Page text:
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Pinot's Tour de France hopes lie in mountain attacks

When Thibaut Pinot emerged from anti-doping atop Chamrousse after stage 13 of the Tour de France, the normally garrulous manager Marc Madiot simply greeted him with a slap on the back and handed him a bike for the kilometre-long ride to the team bus.

After pedalling languidly down slope, past a corridor of excited cries of "Bravo Thibaut," Pinot arrived at the bus to find a phalanx of television crews was already in place. It parted slowly to allow him to settle his bike on the rollers and begin his warm down, before engulfing him once again.

While his fellow countryman Romain Bardet (Ag2r-La Mondiale) moved up to third overall and retained the white jersey, Pinot’s was the story of the day as far as the home media was concerned.

The Frenchman fractured the yellow jersey group when he accelerated with some 12 kilometres remaining, and while he was unable to match Vincenzo Nibali’s winning move 6 kilometres later, he helped himself to fifth on the stage and edges up to fourth place overall, 4:40 down on Nibali but just 16 seconds shy of Bardet.

"I like long climbs, so if I didn’t attack here, I was never going to attack at all," Pinot said matter-of-factly. "I wanted to make things harder because people were starting to watch one another in the leading group.

"I’d say I had normal legs today, but I managed to make it harder all the same. I needed to make a move here and try something against my rivals for a place in the top five or on the podium."

Pinot began the Tour with the stated aim of matching his 2012 achievement of a place in the top in Paris, but with each passing day, his ambitions are being revised upwards. His facility on the climbs seems to be bettered only by that of Nibali, while other general classification contenders continue to fall by the wayside. On Friday, it was the turn of Richie Porte (Sky), who cracked and conceded 8:48.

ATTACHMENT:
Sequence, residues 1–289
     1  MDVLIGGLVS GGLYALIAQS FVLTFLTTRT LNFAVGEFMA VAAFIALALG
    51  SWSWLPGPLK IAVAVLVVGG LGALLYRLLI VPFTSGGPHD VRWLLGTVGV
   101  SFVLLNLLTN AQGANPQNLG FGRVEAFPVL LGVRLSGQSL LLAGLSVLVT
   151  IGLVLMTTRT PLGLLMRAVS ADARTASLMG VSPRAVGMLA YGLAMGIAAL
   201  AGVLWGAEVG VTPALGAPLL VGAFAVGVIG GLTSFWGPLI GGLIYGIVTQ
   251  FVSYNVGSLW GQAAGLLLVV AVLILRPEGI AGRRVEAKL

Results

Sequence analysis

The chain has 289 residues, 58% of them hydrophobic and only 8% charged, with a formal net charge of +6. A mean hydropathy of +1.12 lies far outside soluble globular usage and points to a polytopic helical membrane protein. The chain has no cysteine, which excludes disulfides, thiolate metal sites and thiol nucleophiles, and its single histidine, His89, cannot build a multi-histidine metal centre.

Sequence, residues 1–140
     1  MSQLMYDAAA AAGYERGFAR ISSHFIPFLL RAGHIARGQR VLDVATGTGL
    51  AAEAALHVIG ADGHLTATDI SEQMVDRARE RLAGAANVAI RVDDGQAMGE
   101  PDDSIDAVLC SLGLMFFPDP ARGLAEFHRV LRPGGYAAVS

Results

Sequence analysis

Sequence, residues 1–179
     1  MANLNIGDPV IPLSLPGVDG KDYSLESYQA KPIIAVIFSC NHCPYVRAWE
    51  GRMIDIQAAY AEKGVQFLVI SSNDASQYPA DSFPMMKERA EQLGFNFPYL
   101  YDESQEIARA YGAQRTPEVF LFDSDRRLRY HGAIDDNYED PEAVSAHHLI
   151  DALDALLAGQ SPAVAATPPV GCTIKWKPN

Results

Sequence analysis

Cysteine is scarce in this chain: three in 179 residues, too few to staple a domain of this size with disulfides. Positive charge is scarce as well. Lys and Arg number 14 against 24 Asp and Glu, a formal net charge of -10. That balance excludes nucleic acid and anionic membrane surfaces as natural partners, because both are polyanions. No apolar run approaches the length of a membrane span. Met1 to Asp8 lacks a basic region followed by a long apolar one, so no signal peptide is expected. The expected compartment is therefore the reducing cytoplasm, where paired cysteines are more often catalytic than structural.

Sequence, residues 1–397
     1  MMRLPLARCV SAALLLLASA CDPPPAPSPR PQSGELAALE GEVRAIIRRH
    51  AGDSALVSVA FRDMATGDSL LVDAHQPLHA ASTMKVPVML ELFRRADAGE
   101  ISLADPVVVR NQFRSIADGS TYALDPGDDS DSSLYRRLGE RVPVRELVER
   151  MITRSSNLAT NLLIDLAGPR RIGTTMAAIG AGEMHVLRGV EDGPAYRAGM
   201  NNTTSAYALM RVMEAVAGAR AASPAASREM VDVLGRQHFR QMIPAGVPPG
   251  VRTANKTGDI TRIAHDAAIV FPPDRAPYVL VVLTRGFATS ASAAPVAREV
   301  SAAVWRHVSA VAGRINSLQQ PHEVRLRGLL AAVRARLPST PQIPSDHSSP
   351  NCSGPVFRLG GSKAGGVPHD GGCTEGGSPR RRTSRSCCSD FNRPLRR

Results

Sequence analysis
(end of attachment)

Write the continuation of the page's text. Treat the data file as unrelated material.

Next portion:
"It’s good news that a rouleur like Porte lost a lot of time today but on the other hand you still have guys like [Tejay] van Garderen and [Jean-Christophe] Péraud who are close behind and strong in the time trial," Pinot said.

It was more of an irritation than a compliment, but Alejandro Valverde’s approach to the final climb was emblematic of the respect Pinot now commands. After Nibali’s winning attack, the Spaniard left the chasing to Pinot, claiming fatigue, yet he made an unsuccessful attempt to jump away from him with five kilometres remaining, and then out-sprinted him for fourth on the stage.

"There wasn’t great understanding with Valverde and that made it harder to get the biggest gap possible on the riders behind us," Pinot said. "It cost us time. We wouldn’t have caught Nibali but we would have gained more time on the rest."

As Nibali’s gap yawned open – he would be 50 seconds clear at the summit – Pinot could be seen gesturing to Valverde, asking him to make some contribution to the pace-setting. "When he was on my wheel, he told me that he was à bloc. I believed it but then he attacked me. I don’t understand why he sat on my wheel for the final kilometres and then jumped away in the sprint at the end. I didn’t understand that tactic, but that was his game."

Duel at the summit

Friday morning’s edition of L’Équipe had featured both Pinot and Bardet on the cover, exhorting the two young French hopefuls to seize the opportunity and go on the offensive as the race entered the Alps. At one point, it looked as though Pinot would divest Bardet of the white jersey of best young rider, but the Ag2r-La Mondiale man limited his losses in the finale to maintain a slender lead.

Not since the mid-1990s has France had two podium contenders at once this late in the Tour, and there is growing local excitement about the prospect of a tête-à-tête between two riders who were only born in 1990 – all the more so, given that Bardet maintains that Saturday’s final climb to Risoul suits him better than Chamrousse.

Pinot, however, quietly downplayed the idea of a French duel in the days ahead. "No, you can only call something a duel when it’s for winning the Tour, or for stage wins. We’re just battling for places," Pinot said.

And Pinot was careful, too, to smartly dismiss any notion of bridging France’s 29-year gap without an overall winner in Paris. "I don’t about victory," he said. "Nibali would have to have a real jour sans. For now, it’s Nibali and then there’s everybody else."

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Head of Features

Barry Ryan is Head of Features at Cyclingnews. He has covered professional cycling since 2010, reporting from the Tour de France, Giro d’Italia and events from Argentina to Japan. His writing has appeared in The Independent, Procycling and Cycling Plus. He is the author of The Ascent: Sean Kelly, Stephen Roche and the Rise of Irish Cycling’s Golden Generation (opens in new tab), published by Gill Books.